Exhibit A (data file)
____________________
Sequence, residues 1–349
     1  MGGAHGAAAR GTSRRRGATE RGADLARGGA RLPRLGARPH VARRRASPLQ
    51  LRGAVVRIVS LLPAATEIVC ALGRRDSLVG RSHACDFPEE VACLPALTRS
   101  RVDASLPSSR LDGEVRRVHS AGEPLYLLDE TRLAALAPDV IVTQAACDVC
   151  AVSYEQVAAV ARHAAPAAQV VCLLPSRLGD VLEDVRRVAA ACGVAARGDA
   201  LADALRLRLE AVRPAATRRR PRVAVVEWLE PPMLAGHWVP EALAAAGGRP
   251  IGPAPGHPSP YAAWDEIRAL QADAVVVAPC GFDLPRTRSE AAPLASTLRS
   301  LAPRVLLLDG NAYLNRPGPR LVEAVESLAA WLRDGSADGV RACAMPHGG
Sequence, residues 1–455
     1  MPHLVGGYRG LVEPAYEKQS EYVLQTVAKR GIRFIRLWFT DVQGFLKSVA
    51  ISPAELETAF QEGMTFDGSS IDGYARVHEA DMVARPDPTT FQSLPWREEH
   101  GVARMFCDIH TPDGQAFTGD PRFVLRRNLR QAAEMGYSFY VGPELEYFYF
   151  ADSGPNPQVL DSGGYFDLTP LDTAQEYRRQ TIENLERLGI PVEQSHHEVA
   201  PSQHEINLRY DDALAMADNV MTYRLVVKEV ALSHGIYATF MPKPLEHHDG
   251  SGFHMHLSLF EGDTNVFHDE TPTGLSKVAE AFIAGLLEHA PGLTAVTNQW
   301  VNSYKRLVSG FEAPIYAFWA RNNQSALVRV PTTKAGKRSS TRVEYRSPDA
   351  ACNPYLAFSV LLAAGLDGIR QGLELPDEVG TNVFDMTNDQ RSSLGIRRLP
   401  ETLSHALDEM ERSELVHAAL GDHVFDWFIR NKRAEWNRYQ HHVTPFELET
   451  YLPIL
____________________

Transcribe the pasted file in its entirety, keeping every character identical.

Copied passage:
Sequence, residues 1–349
     1  MGGAHGAAAR GTSRRRGATE RGADLARGGA RLPRLGARPH VARRRASPLQ
    51  LRGAVVRIVS LLPAATEIVC ALGRRDSLVG RSHACDFPEE VACLPALTRS
   101  RVDASLPSSR LDGEVRRVHS AGEPLYLLDE TRLAALAPDV IVTQAACDVC
   151  AVSYEQVAAV ARHAAPAAQV VCLLPSRLGD VLEDVRRVAA ACGVAARGDA
   201  LADALRLRLE AVRPAATRRR PRVAVVEWLE PPMLAGHWVP EALAAAGGRP
   251  IGPAPGHPSP YAAWDEIRAL QADAVVVAPC GFDLPRTRSE AAPLASTLRS
   301  LAPRVLLLDG NAYLNRPGPR LVEAVESLAA WLRDGSADGV RACAMPHGG
Sequence, residues 1–455
     1  MPHLVGGYRG LVEPAYEKQS EYVLQTVAKR GIRFIRLWFT DVQGFLKSVA
    51  ISPAELETAF QEGMTFDGSS IDGYARVHEA DMVARPDPTT FQSLPWREEH
   101  GVARMFCDIH TPDGQAFTGD PRFVLRRNLR QAAEMGYSFY VGPELEYFYF
   151  ADSGPNPQVL DSGGYFDLTP LDTAQEYRRQ TIENLERLGI PVEQSHHEVA
   201  PSQHEINLRY DDALAMADNV MTYRLVVKEV ALSHGIYATF MPKPLEHHDG
   251  SGFHMHLSLF EGDTNVFHDE TPTGLSKVAE AFIAGLLEHA PGLTAVTNQW
   301  VNSYKRLVSG FEAPIYAFWA RNNQSALVRV PTTKAGKRSS TRVEYRSPDA
   351  ACNPYLAFSV LLAAGLDGIR QGLELPDEVG TNVFDMTNDQ RSSLGIRRLP
   401  ETLSHALDEM ERSELVHAAL GDHVFDWFIR NKRAEWNRYQ HHVTPFELET
   451  YLPIL